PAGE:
It is clear from the ruling that the issue which was dominant on the trial judge’s mind was one of the capacity of the Appellant which the learned trial judge ‘struggled’ with. This was because the said capacity was not “reflected in the title of the suit as required by law”
It is true that the title of the writ did not disclose the capacity in which the Appellant issued the writ but paragraph 1 of the accompanying statement of claim immediately reveals this capacity. The said paragraph states as follows
1. Plaintiff is the Administrator of the estate of the late Nii Mensah Bediako 1 (Chief of Zenu) and brings this action for and on behalf of the estate.
Counsel for the Respondent refers to Order 2 rule 4 (1)(a) which states as follows Before a writ is filed it shall be endorsed
(a) Where the Plaintiff sues in a representative capacity, with a statement of the capacity in which the plaintiff sues. and submits that this provision being mandatory, the writ by which this case was commenced is defective and a nullity.
Order 81 of the High Court rules appears to have robbed the word shall of some of its power regarding compliance with the rules stated therein. In line with Order 1 rule 1(2), the courts are moving away from a strict and technical application of the rules and as much as is within their power are applying these in a manner which will not turn away any litigant from the judgment seat in their bid to do justice. It is my considered opinion that failure to meet the requirement of the above quoted rule will, in the light of this new approach and the authorities does not render a writ such as the present a nullity.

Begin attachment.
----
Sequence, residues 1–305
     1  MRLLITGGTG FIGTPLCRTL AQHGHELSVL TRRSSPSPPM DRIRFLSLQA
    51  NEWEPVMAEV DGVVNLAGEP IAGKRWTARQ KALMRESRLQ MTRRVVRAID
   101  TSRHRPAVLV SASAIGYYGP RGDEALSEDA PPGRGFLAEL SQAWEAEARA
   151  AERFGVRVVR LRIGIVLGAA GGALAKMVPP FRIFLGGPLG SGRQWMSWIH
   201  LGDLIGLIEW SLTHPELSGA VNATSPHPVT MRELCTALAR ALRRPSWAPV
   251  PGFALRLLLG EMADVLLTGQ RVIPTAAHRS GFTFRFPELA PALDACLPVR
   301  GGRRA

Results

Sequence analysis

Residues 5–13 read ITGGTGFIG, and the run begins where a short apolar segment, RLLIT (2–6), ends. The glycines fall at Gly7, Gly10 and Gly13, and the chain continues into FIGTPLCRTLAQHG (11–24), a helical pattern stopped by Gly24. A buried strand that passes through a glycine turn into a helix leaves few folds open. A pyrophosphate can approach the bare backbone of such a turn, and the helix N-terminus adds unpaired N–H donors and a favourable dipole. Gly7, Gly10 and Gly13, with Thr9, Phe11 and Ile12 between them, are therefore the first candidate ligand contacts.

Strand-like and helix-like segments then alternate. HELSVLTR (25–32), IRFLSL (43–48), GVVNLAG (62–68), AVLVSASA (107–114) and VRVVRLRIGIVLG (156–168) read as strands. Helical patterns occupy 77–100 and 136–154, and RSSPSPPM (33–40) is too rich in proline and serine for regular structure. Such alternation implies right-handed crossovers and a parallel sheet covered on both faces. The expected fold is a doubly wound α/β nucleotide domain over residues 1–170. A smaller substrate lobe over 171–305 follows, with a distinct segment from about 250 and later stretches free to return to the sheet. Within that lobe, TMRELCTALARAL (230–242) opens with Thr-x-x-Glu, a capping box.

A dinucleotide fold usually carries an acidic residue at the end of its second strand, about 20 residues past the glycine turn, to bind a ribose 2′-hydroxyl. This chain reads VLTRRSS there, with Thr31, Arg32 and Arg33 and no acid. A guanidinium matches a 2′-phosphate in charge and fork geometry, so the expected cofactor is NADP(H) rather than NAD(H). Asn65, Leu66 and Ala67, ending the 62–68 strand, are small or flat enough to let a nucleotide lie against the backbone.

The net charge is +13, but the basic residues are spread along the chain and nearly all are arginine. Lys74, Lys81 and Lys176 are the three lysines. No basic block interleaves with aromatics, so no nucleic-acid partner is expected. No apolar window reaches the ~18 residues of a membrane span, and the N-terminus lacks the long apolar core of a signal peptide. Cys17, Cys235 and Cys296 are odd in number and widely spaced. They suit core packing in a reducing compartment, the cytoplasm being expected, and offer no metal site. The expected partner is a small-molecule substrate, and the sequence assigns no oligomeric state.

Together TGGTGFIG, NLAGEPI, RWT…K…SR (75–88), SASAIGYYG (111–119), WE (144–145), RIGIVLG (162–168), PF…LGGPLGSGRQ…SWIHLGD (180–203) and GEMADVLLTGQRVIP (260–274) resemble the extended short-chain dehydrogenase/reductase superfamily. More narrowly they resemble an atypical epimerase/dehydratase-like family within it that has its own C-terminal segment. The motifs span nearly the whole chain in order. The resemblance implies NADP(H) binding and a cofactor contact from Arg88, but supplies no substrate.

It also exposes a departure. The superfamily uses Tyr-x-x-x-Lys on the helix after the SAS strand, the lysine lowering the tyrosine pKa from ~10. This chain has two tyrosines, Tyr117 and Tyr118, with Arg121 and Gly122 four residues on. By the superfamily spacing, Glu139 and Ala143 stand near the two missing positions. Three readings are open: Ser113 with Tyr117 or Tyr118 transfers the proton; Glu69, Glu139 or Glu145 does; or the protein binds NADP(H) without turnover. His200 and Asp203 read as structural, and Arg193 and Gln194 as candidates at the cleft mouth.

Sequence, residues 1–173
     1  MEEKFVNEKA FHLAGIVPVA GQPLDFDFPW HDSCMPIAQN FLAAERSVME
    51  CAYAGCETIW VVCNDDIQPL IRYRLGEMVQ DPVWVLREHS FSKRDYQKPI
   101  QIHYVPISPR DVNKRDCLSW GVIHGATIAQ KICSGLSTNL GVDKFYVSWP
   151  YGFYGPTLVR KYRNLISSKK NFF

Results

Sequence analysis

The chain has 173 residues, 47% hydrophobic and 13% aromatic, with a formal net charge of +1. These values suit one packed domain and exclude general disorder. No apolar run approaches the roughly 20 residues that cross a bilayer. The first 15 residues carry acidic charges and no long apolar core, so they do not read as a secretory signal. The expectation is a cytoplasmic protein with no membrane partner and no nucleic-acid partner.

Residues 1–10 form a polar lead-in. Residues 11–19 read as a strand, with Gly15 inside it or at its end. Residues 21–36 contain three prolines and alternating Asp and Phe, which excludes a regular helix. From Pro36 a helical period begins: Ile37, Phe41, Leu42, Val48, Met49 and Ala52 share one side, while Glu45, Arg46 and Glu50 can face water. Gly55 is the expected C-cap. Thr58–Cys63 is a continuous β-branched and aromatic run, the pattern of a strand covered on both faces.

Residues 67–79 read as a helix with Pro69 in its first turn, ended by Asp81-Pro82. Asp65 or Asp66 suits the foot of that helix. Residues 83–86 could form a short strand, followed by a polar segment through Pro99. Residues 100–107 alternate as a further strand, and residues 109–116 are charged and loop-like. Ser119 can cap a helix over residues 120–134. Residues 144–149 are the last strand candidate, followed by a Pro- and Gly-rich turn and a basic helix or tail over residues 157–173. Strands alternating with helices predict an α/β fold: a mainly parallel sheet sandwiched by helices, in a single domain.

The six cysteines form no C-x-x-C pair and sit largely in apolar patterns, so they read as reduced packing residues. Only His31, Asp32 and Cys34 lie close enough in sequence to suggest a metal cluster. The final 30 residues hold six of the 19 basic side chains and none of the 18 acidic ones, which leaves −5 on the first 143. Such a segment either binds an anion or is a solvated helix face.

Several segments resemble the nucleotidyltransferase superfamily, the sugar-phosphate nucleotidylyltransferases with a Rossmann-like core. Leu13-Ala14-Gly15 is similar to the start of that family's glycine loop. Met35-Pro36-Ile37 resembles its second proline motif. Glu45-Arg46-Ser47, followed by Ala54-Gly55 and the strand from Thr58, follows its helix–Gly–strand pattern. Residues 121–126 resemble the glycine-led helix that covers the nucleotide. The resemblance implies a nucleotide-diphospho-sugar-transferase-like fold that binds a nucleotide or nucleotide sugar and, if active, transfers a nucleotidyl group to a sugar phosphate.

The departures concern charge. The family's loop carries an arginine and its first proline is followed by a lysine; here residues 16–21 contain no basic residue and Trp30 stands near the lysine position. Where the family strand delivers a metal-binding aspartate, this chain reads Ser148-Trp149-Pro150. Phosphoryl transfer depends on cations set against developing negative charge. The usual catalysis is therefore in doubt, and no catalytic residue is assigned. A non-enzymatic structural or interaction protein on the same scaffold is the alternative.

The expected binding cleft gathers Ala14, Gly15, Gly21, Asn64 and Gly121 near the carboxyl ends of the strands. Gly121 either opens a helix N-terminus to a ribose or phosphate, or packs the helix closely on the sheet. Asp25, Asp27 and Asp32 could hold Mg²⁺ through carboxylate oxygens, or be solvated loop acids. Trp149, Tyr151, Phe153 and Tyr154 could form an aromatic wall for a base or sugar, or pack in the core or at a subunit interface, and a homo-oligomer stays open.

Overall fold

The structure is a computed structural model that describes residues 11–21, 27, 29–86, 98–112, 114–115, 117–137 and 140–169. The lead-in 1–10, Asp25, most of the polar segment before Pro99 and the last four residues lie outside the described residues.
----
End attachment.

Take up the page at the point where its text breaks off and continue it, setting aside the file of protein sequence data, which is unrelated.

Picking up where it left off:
The case of Republic v High Court Accra; Ex parte Aryeetey cited by counsel for the Respondent in his written submissions states why there is the need for such an indorsement as to capacity. The said case states in part as follows
“…is to ensure that a person suing in a representative capacity is actually invested with that capacity and therefore has the legal right to sue. This includes the submission that the requirement also enables a defendant, if he is minded, to challenge the capacity the plaintiff claims he has and such a challenge may be taken as a preliminary issue.”
Is the Respondent able to embark on the above exercise if he wishes so to do with the writ and statement of claim as they presently are? The answer is yes, in my considered opinion, so long as the two processes are read together. In any case, Order 2 rule 6 and Order 11 rule 1(1) require every writ to be filed with a statement of claim and the two to be served together on a defendant. Further, the courts have also held that a defective indorsement can be cured by the delivery of a proper statement of claim. See the case of Opoku & Others ( NO 2) V Axes Co Ltd ( No2) 2012 SCGLR 1214 which also made reference to the dictum of Devlin J in the case of Hill v Luton CORPORATION  1 All ER 1028@ 1031.